San Diego Law Review

Library of Congress Authority File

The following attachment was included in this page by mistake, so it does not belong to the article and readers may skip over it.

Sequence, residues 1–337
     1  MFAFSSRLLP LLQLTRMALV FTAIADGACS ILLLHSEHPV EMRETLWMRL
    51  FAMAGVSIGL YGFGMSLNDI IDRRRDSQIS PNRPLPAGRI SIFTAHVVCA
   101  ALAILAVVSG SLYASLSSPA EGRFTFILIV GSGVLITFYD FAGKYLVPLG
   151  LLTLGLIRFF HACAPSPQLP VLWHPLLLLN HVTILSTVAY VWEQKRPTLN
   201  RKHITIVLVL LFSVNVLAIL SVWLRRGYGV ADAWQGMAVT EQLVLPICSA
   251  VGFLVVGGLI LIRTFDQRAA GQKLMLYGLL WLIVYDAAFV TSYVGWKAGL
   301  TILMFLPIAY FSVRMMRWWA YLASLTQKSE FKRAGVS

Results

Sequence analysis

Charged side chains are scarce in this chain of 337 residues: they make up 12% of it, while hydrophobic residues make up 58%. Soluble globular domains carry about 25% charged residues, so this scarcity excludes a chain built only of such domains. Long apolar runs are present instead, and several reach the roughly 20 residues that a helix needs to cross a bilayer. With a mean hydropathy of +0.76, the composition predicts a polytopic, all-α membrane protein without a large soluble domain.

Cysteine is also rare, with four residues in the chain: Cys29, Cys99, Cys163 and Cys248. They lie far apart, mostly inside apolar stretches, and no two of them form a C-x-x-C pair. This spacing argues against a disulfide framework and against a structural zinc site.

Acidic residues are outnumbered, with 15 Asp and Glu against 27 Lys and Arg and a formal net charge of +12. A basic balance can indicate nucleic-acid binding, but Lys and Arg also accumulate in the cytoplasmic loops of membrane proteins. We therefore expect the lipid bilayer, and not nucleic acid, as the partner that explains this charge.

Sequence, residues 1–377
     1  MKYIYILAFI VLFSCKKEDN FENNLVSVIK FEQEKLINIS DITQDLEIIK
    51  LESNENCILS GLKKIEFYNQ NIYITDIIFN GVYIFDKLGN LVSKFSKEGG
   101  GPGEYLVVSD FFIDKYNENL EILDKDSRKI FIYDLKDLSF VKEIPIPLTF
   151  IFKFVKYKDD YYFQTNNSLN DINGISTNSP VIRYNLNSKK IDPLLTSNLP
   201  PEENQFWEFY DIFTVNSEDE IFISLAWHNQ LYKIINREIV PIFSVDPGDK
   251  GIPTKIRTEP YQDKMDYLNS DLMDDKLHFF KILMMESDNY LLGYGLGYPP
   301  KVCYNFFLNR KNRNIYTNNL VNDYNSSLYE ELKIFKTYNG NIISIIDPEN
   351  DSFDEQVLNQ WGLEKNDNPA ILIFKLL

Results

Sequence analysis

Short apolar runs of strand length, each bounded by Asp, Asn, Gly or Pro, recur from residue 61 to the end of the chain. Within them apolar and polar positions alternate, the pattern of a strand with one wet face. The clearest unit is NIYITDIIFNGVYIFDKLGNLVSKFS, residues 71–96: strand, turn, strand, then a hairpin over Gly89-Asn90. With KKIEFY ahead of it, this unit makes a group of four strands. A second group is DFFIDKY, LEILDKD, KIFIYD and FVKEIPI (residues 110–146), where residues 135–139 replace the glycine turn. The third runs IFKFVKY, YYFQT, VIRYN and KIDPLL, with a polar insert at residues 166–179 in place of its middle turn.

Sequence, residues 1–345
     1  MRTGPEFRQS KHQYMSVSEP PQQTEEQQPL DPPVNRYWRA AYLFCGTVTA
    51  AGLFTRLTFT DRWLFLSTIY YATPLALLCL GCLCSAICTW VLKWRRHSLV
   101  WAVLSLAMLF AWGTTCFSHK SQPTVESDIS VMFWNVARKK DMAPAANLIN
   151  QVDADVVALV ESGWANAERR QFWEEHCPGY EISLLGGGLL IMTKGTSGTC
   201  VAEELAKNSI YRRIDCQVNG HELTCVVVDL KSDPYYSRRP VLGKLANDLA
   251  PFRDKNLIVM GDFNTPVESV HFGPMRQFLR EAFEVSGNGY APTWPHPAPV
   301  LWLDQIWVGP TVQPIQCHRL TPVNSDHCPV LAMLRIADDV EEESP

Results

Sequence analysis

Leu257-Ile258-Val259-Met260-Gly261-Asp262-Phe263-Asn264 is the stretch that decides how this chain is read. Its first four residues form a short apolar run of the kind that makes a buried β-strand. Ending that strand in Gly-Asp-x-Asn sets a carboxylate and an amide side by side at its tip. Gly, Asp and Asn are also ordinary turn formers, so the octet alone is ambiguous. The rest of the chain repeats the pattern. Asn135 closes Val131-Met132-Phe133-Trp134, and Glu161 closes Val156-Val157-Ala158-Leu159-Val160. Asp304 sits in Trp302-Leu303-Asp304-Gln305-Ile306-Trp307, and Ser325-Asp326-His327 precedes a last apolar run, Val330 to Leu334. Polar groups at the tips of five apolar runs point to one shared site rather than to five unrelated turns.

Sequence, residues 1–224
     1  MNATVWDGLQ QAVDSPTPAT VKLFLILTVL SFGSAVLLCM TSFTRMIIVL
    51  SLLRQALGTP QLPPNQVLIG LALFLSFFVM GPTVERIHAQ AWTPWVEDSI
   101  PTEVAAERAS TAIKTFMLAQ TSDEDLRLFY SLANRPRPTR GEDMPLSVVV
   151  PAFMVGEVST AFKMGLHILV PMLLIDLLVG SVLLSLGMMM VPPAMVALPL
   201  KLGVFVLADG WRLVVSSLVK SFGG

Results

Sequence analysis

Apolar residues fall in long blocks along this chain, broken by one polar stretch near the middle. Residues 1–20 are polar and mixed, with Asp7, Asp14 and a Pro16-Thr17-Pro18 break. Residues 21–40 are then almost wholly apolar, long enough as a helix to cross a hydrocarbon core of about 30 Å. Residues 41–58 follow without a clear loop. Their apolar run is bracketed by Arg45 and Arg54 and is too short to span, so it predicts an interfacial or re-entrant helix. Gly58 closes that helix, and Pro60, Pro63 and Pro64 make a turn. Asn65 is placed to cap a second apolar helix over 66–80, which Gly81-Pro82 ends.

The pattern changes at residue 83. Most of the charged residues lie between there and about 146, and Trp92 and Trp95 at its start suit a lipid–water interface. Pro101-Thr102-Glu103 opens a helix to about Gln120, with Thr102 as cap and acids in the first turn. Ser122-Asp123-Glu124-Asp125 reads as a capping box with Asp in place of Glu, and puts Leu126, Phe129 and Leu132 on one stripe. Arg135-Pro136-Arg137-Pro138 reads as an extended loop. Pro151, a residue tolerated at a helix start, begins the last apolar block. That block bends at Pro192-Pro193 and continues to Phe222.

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The Supreme Court has twice espoused the doctrine of pendent jurisdiction whereby a federal court may adjudicate a claim arising under state law which does not meet the ordinary federal jurisdictional requirements when that state claim is properly joined with a federal claim and both claims are based on a common core of facts. Those two cases involved clearly federal claims of copyright infringement and secondary boycott to which were appended state claims of unfair competition and interference with contract rights respectively. In both cases, the joined claims were asserted by a single plaintiff against a single defendant between whom there was no diversity of citizenship. Perhaps because of the parallelism of these two Supreme Court decision, it has long been assumed that pendent jurisdiction is available only in similar cases. In recent years, however, some district courts of appeals have expanded markedly the application of pendent jurisdiction. They have permitted the appending of claims by and against additional parties not involved in the federal claim, and they have extended pendent jurisdiction to diversity cases. It is the object of this Article to examine the principle impediments which lie int he path of this latter extension of the doctrine of pendent jurisdiction.

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